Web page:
From the Sickness Reports submitted this year, a total of 1,987 days were taken off work. That’s the equivalent of over five years.

97 people had to take a week or more off work, with one person even being forced to quit their job because of their prolonged sickness.

Reuben Santer was a Secondary School Physics Teacher who has been forced to stop working due to his illness.

After a surf at Saunton Beach in Devon, a doctor confirmed that he’d contracted labyrinthitis (an inner ear infection) due to either a virus or bacteria entering his ear. This has now developed into an incurable disease called Meniere’s disease, which Reuben now has to live with.

I have never been anxious about anything in my life, but this experience has definitely made me worried that symptoms will come back when driving, surfing, at work or any situation where vertigo could be dangerous.”

– Reuben

As the risk of getting sick from sewage becomes more prominent, people are starting to change their behaviour by avoiding going in the water or booking holidays at their once-favourite seaside town.

Areas that are reliant on tourism and our blue spaces are being hit particularly hard.

As we see sickness from sewage sweeping through every corner of the UK, we’re reminded of the sheer scale of the sewage scandal. It’s not just affecting the hardcore surfers and swimmers, it’s affecting everyone. Where the issues and solutions to fix the sewage pollution issue vary between devolved nations, the consequences look remarkably similar. And unless we fix the problem, the environment, wildlife, and people will keep getting sick.

Figure 5
Number of sickness reports by bathing water classification, and the current number of each type of classification in the UK.

Impacts on the economy

UK marine recreation has an estimated gross value total of £1.29 billion6, making the marine environment a vital asset to the UK economy7.

However, recreational activities and employment opportunities are dependent on environmental factors such as water quality7 which, as we know, is a far-cry from gold standard.

When coastal water quality is improved, the number of visits to a beach location can increase by an average of 52% and by 64% when improved on a stretch of river8.

Therefore, improving the quality of UK waters is vital to ensure coastal communities and those that rely on the water for employment and wellbeing, do not suffer.

But we are not seeing improvements.

As we reveal the true extent of the pollution entering the water across the UK, it’s becoming clear that the economic impact of sewage pollution is far more wide-reaching than any of us truly recognised.

The surge of sewage discharges at popular bathing sites over the last year has resulted in ongoing disappointment of water-based events being cancelled, water sport activities having to be rescheduled and charity events left unable to raise funds. As the frequency of these cancellations pick up, the knock on effects to communities, businesses and charities start to stack up, chipping away at the UK economy, and the livelihoods of those that work in our blue spaces across the UK.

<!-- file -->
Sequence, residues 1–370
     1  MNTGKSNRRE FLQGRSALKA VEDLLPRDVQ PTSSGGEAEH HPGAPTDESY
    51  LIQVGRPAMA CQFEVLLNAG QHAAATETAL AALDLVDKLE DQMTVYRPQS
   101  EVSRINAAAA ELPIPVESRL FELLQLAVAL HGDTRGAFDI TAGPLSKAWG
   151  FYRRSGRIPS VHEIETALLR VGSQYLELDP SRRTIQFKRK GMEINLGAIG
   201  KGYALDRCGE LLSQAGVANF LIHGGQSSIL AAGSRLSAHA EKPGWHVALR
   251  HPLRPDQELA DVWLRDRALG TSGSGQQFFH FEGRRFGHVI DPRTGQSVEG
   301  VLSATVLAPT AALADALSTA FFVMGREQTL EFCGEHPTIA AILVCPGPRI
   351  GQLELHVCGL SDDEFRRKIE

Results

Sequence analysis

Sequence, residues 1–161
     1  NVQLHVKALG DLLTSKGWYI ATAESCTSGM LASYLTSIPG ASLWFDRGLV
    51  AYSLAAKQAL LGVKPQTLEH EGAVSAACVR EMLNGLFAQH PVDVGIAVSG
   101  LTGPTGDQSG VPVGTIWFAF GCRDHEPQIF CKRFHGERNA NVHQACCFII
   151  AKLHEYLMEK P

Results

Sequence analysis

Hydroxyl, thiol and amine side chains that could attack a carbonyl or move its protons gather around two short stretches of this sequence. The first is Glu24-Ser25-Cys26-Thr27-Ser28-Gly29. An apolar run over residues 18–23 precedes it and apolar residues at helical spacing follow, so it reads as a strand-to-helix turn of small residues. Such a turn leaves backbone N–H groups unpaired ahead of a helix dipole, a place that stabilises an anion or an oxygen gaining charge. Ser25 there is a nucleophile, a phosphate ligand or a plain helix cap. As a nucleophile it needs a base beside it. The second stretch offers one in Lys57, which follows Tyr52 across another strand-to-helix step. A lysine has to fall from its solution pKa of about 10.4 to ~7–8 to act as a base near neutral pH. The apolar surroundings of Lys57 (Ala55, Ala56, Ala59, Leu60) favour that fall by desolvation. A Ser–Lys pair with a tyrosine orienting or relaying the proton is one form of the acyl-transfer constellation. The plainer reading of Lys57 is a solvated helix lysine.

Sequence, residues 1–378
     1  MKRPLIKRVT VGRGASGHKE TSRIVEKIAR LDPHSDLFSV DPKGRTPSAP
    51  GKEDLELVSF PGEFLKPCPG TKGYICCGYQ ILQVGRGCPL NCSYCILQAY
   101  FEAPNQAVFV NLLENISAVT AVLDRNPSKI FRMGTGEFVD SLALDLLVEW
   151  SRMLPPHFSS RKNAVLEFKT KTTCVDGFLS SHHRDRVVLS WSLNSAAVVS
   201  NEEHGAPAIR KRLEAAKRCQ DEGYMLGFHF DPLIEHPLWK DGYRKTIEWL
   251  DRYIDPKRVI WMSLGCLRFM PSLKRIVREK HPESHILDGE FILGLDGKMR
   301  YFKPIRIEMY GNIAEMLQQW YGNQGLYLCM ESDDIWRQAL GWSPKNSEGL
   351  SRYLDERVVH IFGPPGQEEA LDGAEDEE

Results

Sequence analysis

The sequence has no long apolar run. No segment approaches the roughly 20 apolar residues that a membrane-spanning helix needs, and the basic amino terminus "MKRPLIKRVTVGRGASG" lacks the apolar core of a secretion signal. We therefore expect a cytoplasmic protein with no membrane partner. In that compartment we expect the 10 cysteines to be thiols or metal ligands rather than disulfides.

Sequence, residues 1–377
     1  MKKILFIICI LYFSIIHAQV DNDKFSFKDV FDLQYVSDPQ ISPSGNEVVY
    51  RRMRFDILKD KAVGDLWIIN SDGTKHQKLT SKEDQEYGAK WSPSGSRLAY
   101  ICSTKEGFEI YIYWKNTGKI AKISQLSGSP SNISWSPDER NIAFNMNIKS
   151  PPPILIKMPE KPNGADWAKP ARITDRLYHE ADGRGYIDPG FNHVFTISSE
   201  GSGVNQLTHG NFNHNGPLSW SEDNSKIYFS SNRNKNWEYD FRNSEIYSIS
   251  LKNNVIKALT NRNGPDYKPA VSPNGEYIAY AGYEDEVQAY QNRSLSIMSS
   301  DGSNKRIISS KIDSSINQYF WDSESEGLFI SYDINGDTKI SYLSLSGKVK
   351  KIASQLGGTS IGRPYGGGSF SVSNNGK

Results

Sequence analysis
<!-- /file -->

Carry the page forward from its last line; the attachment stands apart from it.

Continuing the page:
We’ve spoken to Steve from Scarborough on how regular sewage discharges onto South Bay beach has forced him to shut his surf shop.

My shop has been closed all summer. From the 6th May the RNLI put the red flags up as the beach was at a poor quality here in Scarborough. A week later the council took all the flags down and put warning signs up. I decided at that point that I can’t take people surfing.

I couldn’t carry out any lessons on the beach when the lifeguards themselves think it’s unfit to go in.

My income stopped dead on the 6th May. It’s only because my dad died last year that I’m surviving now because I was left some money. If it wasn’t for that I would be out on the street.”

– Steve

At the Wave Project, we use the sea and the ocean as a therapeutic space for our young people.

When there has been a sewage alert, we are then unable to get in the water with the young people. We have had to postpone or cancel some of our sessions. Whilst for a lot of people that doesn’t sound so bad, for some young people, we hear from their parents that looking forward to the Wave Project is the only thing they look forward to that week, for some young people it’s the only reason they leave the house that week. Postponing
for them, has a huge mental health impact on them.

We’re cancelling last minute on people who really need that health intervention.”

– Siobhan Swift

Siobhan Swift is Head of Operations at The Wave Project in Scarborough. They have had to cancel and postpone surf therapy sessions due to sewage pollution alerts which has a huge impact on the young people she works with.

Explore all of the

Nation focus reports

Wild swimmers and water users in England
Nation focus: England
Activists in Lough Neagh, Northern Ireland holding up a sign that says "Extinction means forever"
Nation focus: Northern Ireland
SAS team members in Scotland wearing gas masks holding up a sign that says "tell the truth"
Nation focus: Scotland
Nation focus: Wales